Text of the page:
Low-grade fevers of less than 101 degrees Fahrenheit do not normally require medical treatment. Instead, patients typically benefit from resting at home, drinking plenty of fluids, and taking an over-the-counter fever reducer. If a fever lasts longer than two days or is accompanied by a stiff neck, rash, sensitivity to light, confusion, or seizures, patients should seek care in the emergency room. In addition, a fever that remains at 103 degrees Fahrenheit or above for longer than two hours requires emergency treatment.
Hyperthyroidism is a condition that can lead to excessive sweating because of metabolic disturbances. The thyroid is responsible for making hormones that help regulate metabolism, and when an individual has hyperthyroidism, their body creates too many of these hormones. This leads to an increase in metabolism, which can cause a fast or irregular heartbeat alongside unexplained weight loss. The condition can be treated with a variety of different methods.
The first line of treatment is usually anti-thyroid medication, which can slow the progression of the thyroid's hormone creation. Radioactive iodine is also used to destroy excess thyroid cells, but it can cause enough damage to lead to an underactive thyroid. If radioactive iodine and anti-thyroid medications aren't helping enough, patients might need surgery to remove a portion or all of their thyroid gland. After patients have this surgery, they'll use supplemental thyroid medications to create the hormonal balance they're no longer getting from their thyroid gland.
Some types of heart disease can also lead to excessive sweating. Heart disease is used to describe several different conditions that affect the health of the heart. Some of the categories of heart disease are genetic heart defects, heart rhythm problems, and blood vessel diseases. Heart disease and cardiovascular disease can be interchangeably used terms. In the medical world, doctors usually use the term cardiovascular disease when they're talking about conditions that narrow or block blood vessels.
These issues can lead to a heart attack. When a condition affects the muscle of the heart, heart rhythm, or the valves of the heart, they're also considered heart disease. If individuals are concerned their excessive sweating might be due to a problem with the heart, patients should talk to a doctor. The majority of cases of heart disease can be treated using medication and healthy lifestyle choices.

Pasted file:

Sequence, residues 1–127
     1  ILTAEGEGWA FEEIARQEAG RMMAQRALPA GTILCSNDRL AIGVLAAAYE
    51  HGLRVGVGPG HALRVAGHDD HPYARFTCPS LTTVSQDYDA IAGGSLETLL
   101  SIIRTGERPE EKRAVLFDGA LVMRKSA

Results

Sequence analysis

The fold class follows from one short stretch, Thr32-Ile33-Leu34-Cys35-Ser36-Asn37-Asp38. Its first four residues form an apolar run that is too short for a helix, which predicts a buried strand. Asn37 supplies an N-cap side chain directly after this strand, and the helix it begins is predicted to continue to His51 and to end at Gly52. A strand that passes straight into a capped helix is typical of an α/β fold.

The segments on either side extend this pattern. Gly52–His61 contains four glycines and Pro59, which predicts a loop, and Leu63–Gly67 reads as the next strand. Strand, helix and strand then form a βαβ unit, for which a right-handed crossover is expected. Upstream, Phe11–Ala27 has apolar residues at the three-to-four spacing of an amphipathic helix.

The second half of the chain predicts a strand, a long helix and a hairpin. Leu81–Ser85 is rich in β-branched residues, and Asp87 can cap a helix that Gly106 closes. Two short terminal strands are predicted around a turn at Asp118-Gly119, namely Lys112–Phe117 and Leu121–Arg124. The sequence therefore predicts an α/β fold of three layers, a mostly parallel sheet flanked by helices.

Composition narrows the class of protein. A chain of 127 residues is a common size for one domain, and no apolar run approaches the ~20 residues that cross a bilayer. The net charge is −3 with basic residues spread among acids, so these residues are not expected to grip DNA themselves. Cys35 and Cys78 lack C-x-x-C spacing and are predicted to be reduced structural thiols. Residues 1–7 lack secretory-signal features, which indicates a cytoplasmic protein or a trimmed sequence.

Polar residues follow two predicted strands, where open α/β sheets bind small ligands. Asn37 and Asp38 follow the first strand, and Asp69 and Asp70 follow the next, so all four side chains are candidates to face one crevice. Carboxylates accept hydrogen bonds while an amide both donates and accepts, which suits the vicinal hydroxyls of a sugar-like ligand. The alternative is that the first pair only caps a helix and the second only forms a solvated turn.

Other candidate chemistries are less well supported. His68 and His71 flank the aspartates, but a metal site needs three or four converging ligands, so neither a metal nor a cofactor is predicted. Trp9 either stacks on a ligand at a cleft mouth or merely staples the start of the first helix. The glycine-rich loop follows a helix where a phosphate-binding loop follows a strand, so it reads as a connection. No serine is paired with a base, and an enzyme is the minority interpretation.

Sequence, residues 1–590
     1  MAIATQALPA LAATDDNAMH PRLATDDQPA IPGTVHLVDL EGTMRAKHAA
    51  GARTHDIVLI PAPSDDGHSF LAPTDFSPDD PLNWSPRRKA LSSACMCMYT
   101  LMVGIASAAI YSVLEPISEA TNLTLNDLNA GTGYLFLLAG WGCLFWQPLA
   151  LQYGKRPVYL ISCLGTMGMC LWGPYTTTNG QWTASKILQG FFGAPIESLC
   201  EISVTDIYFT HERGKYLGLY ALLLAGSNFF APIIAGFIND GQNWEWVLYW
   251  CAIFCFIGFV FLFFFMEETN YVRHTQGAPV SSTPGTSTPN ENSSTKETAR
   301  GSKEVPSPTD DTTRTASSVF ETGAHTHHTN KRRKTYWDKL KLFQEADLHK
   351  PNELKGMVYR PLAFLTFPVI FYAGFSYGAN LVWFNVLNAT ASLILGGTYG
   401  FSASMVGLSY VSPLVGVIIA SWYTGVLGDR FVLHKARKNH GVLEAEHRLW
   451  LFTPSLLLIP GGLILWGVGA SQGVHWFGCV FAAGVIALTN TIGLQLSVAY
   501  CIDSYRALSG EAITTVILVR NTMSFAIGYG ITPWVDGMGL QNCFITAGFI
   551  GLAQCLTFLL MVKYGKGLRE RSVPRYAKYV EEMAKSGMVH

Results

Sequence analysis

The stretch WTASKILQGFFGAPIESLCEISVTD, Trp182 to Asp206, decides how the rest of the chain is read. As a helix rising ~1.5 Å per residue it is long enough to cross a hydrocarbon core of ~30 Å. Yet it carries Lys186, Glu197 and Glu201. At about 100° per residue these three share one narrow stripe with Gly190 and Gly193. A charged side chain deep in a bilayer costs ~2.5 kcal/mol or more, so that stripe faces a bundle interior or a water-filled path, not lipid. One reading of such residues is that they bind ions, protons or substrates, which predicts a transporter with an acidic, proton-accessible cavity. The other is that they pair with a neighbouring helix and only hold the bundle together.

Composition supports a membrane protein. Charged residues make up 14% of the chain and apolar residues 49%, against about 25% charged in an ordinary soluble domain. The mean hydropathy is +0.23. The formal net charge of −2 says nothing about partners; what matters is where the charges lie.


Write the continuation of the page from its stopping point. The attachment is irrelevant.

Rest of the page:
One of the most common symptoms of menopause is hot flashes, which occur when individuals feel suddenly hot for no reason. Menopause might also cause women to experience night sweats, in which they'll wake up drenched in sweat. Women experience menopause at the end of their menstrual cycles, typically during their forties and fifties. In the United States, the average age of menopause is fifty-one years old. This natural biological process can come with physical symptoms and emotional symptoms that disrupt sleep and interfere with day-to-day life.
If the symptoms of menopause are causing excessive sweating or emotional problems, women might benefit from medical treatment. Some might only need certain lifestyle changes, but they can also talk to a doctor about doing hormone replacement therapy. Estrogen replacement therapy has some well-documented risks, but it can also be very helpful in managing the more turbulent symptoms of menopause. Studies show estrogen replacement therapy can also help lower the risk of developing osteoporosis. Women should talk to a doctor if they think menopause might be causing excessive sweating.
Lung disease can sometimes cause excessive sweating, though it depends widely on the type of illness. Some forms of pneumonia can cause fevers as high as 105 degrees Fahrenheit, which leads to profuse sweating. A fever over 103 degrees Fahrenheit is considered high, and a fever of 105 degrees Fahrenheit is close to a medical emergency. If the body gets too hot, it can damage internal organs, including the brain. Lung disease is a term used to describe any disease affecting the lungs.
Though anyone can develop lung disease, it is a larger concern for women, as more women in the United States have been diagnosed with lung disease each year than men. Women also have a higher likelihood of dying from lung disease. Some lung diseases are caused or exacerbated by outside factors such as smoking, though others might be due to certain genetic predispositions. A common lung disease is asthma, which occurs when inflammation of the airways makes it difficult to breathe. If lung disease patients experience excessive sweating, they should talk to a doctor to find out whether the two are linked.
Obesity can increase an individual's risk of excessive sweating due to a few factors. One factor is that there's a greater amount of physical exertion on the body when an individual is carrying extra weight. They burn more calories when they move than a thinner person because their muscles need to work harder. This can lead to the body's internal temperature rising, and the sweat glands releasing sweat to help cool off. Another factor is the body holds in more heat when individuals have extra fat cells.
Layers of fat exist to be a genetic advantage in colder climates. In fact, some Olympic swimmers have large amounts of fat stored in their bodies, which helps them stay warm when swimming in cold water. Obesity doesn't always cause serious health repercussions. However, if individuals don't have enough muscle to support the weight of their body, they're more likely to struggle with physical exertion and sweating.